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  June 20th, 2016 | Written by

EU signs Economic Partnership Agreement with Southern African Countries

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  • Regional agreements could soon be signed between the EU and West Africa and the East African Community.
  • The EU is the largest trading partner of the SADC EPA group.
  • In 2015, the EU imported goods worth almost €32 billion from the region and exported goods of the same value.

The European Union and six countries of the Southern African Development Community (SADC) have signed an economic partnership agreement (EPA), the first of its kind between the EU and an African region pursuing economic integration. The signature took place in Kasane, Botswana.

The agreement was signed by Commissioner for Trade Cecilia Malmström on behalf of the EU.

“Trade is a tool to spur economic growth and sustainable development,” said Malmström . “It’s also an important factor for integrating regions and forming stronger bonds between countries. With the economic partnership agreement, we want to base our trade relations with our partners in the Southern African region on commonly agreed, stable rules.”

The EPA with Botswana, Lesotho, Mozambique, Namibia, South Africa and Swaziland–the so-called SADC EPA group–is a development-oriented free trade agreement. In addition to this agreement, other regional agreements could also soon be signed with West Africa and the East African Community.

The EU is the largest trading partner of the SADC EPA group. In 2015, the EU imported goods worth almost €32 billion from the region, mostly minerals and metals. The EU exported goods of the nearly same value, consisting mostly of engineering, automotive and chemical products.

The EPA takes into account the different levels of development of each partner. It guarantees Botswana, Lesotho, Mozambique, Namibia, and Swaziland duty-free, quota-free access to the European market. South Africa will also benefit from enhanced market access, going beyond the existing bilateral arrangement. Furthermore, the agreement signed today increases the flexibility of Southern African producers to put together products from components from various countries, without the risk of losing their free access to the EU market. It also provides for a number of protective measures, for instance for nascent, fragile industries or for food security reasons.

The Southern African markets will open gradually and partially to EU exports, in an asymmetric way. In the process of diversifying their economies and broadening production, imports of certain goods are important for Southern African nations – certain industrial parts, seeds and machinery, for instance. The import duties on many of these so-called intermediary goods will be significantly reduced, making the products more easily accessible to Southern African entrepreneurs.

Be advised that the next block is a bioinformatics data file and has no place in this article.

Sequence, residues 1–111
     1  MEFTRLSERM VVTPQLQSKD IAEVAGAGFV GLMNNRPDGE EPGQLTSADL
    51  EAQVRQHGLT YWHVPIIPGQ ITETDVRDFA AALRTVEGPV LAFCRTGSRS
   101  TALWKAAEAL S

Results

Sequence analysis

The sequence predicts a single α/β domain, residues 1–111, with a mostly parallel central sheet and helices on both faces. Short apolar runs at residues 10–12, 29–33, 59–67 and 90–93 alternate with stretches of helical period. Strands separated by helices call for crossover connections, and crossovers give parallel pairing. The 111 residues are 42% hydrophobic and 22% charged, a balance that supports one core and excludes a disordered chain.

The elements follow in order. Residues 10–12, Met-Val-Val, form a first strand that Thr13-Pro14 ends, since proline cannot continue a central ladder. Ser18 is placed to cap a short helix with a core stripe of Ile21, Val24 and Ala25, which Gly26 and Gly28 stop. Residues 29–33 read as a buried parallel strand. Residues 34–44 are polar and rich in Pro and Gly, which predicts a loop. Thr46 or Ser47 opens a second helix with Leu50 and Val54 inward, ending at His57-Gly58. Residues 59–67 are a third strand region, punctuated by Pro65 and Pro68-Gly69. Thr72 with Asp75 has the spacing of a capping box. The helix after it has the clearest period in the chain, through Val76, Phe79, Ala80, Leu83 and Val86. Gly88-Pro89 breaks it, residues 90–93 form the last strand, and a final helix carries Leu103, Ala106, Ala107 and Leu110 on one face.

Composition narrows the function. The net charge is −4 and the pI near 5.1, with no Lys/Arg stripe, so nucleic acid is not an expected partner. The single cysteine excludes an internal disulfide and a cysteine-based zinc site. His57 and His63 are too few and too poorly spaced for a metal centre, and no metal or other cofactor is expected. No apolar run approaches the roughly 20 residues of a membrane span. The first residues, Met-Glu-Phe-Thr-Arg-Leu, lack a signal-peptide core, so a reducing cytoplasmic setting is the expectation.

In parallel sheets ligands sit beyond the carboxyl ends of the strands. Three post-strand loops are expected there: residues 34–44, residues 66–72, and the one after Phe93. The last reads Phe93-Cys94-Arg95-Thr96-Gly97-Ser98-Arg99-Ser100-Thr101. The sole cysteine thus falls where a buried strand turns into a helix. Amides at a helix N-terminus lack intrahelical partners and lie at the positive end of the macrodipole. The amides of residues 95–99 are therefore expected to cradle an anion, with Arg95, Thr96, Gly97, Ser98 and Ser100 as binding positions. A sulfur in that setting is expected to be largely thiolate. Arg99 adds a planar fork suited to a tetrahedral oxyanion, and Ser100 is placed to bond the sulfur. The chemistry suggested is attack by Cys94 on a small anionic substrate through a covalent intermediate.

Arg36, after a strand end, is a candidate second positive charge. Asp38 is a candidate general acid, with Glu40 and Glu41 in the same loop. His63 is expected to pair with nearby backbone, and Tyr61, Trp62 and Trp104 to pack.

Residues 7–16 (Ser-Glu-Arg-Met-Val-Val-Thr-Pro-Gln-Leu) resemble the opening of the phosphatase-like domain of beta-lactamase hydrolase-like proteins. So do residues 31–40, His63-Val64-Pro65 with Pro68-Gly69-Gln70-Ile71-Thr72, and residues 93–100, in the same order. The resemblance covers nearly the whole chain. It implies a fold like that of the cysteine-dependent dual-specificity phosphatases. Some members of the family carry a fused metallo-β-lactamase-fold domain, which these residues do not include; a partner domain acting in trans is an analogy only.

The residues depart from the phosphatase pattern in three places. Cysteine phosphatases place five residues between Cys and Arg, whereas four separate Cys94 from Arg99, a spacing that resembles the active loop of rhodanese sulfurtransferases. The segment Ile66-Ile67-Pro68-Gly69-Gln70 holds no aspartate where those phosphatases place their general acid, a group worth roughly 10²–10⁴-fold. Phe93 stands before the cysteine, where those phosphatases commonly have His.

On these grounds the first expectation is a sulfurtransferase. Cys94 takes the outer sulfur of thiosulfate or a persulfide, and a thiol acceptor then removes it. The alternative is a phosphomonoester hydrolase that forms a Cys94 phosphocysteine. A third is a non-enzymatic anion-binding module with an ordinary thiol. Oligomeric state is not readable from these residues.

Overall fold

For the South African market specifically, particular advantage has been granted to EU producers of traditional quality products with a worldwide reputation – for example wines and food products – that will now get the exclusive right to use their traditional names in South Africa. Correspondingly, several South African geographical indications will, from now on, be protected on the EU market, such as different types of South African wine such as Stellenbosch and Paarl, along with Rooibos tea and other products.

By signing the agreement, all participants commit to acting towards sustainable development, including by upholding social and environmental standards. The EPA also establishes a consultation procedure for environmental or labor issues and defines a comprehensive list of areas in which the partners will cooperate to foster sustainable development. Civil society will have a special role in monitoring the impact of the agreement. In addition, a detailed chapter on development cooperation identifies trade-related areas that could benefit from EU financial support.

The EPA creates joint institutions to support dialogue, the smooth handling of all trade issues, and the monitoring of the impact of the trade deal. The EU will work with its SADC partners to ensure the smooth implementation of the agreement, together with regional and national development cooperation bodies.

The EU Council of Ministers took the decision to authorize the signature of the Economic Partnership Agreement on June 1. Following the signature, the agreement will now be submitted for approval to the European Parliament, and for ratification in the 28 EU Member States according to national ratification procedures and in the Southern African countries.